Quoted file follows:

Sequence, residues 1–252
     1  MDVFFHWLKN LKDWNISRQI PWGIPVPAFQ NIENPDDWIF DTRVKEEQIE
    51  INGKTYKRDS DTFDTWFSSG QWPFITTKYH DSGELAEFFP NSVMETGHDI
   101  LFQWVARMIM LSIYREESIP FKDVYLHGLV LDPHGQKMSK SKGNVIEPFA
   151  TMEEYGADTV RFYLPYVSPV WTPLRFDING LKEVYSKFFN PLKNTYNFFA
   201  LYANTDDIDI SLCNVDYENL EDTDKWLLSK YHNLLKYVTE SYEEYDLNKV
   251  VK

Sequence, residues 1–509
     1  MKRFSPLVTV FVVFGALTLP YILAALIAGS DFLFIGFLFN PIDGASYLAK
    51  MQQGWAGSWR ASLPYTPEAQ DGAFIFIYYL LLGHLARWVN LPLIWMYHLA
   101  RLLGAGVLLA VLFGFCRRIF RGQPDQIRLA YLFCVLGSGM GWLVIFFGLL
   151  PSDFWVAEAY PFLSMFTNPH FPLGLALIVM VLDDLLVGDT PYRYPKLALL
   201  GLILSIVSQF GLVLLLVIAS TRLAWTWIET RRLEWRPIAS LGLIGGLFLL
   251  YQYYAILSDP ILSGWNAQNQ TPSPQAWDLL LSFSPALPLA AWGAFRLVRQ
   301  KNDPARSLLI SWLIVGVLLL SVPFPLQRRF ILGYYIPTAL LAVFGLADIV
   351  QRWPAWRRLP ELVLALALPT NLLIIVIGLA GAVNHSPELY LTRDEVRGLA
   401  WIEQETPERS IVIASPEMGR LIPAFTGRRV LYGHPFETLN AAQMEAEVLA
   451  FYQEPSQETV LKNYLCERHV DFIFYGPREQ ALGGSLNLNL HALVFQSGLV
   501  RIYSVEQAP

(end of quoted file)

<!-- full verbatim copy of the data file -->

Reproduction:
Sequence, residues 1–252
     1  MDVFFHWLKN LKDWNISRQI PWGIPVPAFQ NIENPDDWIF DTRVKEEQIE
    51  INGKTYKRDS DTFDTWFSSG QWPFITTKYH DSGELAEFFP NSVMETGHDI
   101  LFQWVARMIM LSIYREESIP FKDVYLHGLV LDPHGQKMSK SKGNVIEPFA
   151  TMEEYGADTV RFYLPYVSPV WTPLRFDING LKEVYSKFFN PLKNTYNFFA
   201  LYANTDDIDI SLCNVDYENL EDTDKWLLSK YHNLLKYVTE SYEEYDLNKV
   251  VK

Sequence, residues 1–509
     1  MKRFSPLVTV FVVFGALTLP YILAALIAGS DFLFIGFLFN PIDGASYLAK
    51  MQQGWAGSWR ASLPYTPEAQ DGAFIFIYYL LLGHLARWVN LPLIWMYHLA
   101  RLLGAGVLLA VLFGFCRRIF RGQPDQIRLA YLFCVLGSGM GWLVIFFGLL
   151  PSDFWVAEAY PFLSMFTNPH FPLGLALIVM VLDDLLVGDT PYRYPKLALL
   201  GLILSIVSQF GLVLLLVIAS TRLAWTWIET RRLEWRPIAS LGLIGGLFLL
   251  YQYYAILSDP ILSGWNAQNQ TPSPQAWDLL LSFSPALPLA AWGAFRLVRQ
   301  KNDPARSLLI SWLIVGVLLL SVPFPLQRRF ILGYYIPTAL LAVFGLADIV
   351  QRWPAWRRLP ELVLALALPT NLLIIVIGLA GAVNHSPELY LTRDEVRGLA
   401  WIEQETPERS IVIASPEMGR LIPAFTGRRV LYGHPFETLN AAQMEAEVLA
   451  FYQEPSQETV LKNYLCERHV DFIFYGPREQ ALGGSLNLNL HALVFQSGLV
   501  RIYSVEQAP